“We cannot access other loans because our operations are minimal. Revival of this ginnery will open doors to many opportunities since farmers would be able to grow and sell cotton more easily,” he said.


A similar situation is faced by the Nambale ginnery, one of the oldest and which is under the Nambale Farmers’ Cooperative Union.

Peter Ndukhu, the manager of the union said stringent measures are needed to see full revival of the industry.

“At the moment we don’t have ginning capacity. This is the reason why we are linking or rather selling cotton to private companies. We need Sh29 million to resuscitate the ginnery in the region. Cotton has many end products including fibre used for making clothes.

“We also have cooking oil, soap and cattle cake which we can produce. Many don’t know that 90 per cent of raw material used in money printing plants is made up of cotton.”


He appealed to both levels of government to help the factories with modern gin stands.

“We have a capacity of processing at least 56,000 metric tonnes of cotton. Cotton development has gone down because we have very few field officers to help farmers,” he added.

The Union had seven societies Amukura, Obekai, Adungosi, Angorom, Nambale, Bugeng’i and Bulwani with a membership of over 90,000, a figure that has dropped to less than six thousand.

At the moment it has only five tonnes of cotton in stock.

Many farmers have been seeking markets in Uganda and Tanzania.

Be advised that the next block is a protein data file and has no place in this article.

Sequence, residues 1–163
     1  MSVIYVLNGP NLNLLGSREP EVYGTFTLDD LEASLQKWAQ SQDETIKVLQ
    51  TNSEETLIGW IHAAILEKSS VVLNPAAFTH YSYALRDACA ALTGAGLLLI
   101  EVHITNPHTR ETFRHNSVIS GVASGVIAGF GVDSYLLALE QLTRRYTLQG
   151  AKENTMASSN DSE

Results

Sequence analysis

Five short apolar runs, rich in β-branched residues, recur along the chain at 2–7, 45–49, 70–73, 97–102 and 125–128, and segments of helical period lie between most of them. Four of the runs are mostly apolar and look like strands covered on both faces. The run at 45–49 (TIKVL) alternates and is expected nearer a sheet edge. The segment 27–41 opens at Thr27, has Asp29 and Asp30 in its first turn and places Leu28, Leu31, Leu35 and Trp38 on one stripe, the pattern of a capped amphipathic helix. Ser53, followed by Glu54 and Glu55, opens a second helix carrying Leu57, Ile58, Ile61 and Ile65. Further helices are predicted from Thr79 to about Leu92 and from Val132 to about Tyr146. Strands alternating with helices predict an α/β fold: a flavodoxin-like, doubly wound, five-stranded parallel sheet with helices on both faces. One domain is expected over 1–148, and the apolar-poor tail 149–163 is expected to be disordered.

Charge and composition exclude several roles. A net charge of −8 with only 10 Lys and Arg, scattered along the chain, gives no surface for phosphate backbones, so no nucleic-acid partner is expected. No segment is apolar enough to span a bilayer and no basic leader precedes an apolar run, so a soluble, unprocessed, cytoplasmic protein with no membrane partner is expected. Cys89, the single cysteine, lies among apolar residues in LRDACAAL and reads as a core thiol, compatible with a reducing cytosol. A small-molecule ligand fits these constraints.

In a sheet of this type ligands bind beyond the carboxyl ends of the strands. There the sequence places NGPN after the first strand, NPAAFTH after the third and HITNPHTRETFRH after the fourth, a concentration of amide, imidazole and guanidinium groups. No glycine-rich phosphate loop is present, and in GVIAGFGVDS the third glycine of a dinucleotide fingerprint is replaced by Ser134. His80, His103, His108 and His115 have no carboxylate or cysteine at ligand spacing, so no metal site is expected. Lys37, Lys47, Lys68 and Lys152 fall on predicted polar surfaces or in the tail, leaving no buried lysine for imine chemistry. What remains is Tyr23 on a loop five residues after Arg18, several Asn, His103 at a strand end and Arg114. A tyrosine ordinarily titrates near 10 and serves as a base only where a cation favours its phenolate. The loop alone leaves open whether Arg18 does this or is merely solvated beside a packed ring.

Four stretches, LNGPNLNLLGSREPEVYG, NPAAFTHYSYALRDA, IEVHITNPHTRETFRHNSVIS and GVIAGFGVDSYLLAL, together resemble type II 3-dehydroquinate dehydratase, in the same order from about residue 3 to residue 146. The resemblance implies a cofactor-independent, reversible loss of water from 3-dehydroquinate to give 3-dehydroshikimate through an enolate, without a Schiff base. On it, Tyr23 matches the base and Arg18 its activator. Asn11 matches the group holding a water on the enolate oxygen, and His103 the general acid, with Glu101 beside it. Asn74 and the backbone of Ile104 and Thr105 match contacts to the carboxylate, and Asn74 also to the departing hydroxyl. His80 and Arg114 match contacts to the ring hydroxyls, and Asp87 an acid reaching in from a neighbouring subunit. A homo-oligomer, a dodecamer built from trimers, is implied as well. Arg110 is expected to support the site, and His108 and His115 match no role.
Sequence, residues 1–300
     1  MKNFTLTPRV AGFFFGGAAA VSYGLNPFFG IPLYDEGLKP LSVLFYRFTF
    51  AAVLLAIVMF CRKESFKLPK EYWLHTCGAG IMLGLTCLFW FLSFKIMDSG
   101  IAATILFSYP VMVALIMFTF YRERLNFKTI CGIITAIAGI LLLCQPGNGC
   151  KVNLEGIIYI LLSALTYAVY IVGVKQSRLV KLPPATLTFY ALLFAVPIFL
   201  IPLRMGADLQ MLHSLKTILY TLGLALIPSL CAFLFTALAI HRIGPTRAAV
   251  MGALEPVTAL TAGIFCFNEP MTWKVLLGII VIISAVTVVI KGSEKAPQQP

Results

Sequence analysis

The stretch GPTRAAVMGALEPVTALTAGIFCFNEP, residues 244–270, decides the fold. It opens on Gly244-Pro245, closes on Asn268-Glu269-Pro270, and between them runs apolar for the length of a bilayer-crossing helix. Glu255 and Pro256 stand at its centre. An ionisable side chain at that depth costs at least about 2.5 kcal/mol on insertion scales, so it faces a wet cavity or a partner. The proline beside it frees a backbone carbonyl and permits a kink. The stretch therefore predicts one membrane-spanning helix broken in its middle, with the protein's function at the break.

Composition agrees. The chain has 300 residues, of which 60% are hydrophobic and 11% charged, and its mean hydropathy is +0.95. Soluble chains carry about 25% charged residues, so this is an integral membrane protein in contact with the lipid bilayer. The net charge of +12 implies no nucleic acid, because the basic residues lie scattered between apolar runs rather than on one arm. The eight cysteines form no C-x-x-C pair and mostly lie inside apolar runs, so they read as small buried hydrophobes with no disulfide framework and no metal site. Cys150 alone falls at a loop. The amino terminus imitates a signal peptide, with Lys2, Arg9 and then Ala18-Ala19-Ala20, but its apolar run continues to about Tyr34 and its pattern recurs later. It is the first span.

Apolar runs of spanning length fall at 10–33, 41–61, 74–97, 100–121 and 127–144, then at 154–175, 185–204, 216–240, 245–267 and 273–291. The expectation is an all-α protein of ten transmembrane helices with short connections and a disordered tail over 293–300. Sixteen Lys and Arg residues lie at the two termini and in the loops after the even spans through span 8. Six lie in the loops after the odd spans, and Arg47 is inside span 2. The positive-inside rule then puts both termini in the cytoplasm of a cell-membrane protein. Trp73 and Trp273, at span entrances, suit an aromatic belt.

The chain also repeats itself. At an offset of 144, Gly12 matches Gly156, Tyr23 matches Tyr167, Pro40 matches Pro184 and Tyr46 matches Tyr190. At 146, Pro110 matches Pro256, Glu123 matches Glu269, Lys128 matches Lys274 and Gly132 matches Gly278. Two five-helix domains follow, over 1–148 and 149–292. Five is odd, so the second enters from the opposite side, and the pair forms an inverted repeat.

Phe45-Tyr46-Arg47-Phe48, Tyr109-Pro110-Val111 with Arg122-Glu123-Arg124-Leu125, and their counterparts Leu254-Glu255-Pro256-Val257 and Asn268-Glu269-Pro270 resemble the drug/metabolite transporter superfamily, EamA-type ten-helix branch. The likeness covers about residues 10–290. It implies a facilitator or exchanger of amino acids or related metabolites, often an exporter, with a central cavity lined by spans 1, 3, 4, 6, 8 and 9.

Funyula MP Wilberforce Mudenyo said the ginnery could boost the region’s economy and employ over 200 people.

“We have held discussions with cotton farmers in the region and laid down a road map to revive the industry with the help of the two levels of government. The national government is in agreement that Busia has the biggest potential for cotton farming in the country.

“Manufacturing is one of the main economic activities the government is aiming to invest heavily in to help raise the GDP from 9 percent to 15 percent. We also have agro-processing and value addition which will be the main agenda moving ahead,” he said.

The legislator called on the government to ensure it regulates the entry of raw materials used in the textile industry especially in the Export Processing Zones (EPZ).

During his tour of the region in 2016, President Uhuru Kenyatta reassured farmers that his government was keen on reviving the industry.

The cotton industry is expected to be one of the pillars of the country’s Vision 2030 development blue print.

In the blue print, which covers 2008 to 2030, Kenya expects to achieve industrial growth if sectors like cotton and others will have been revived.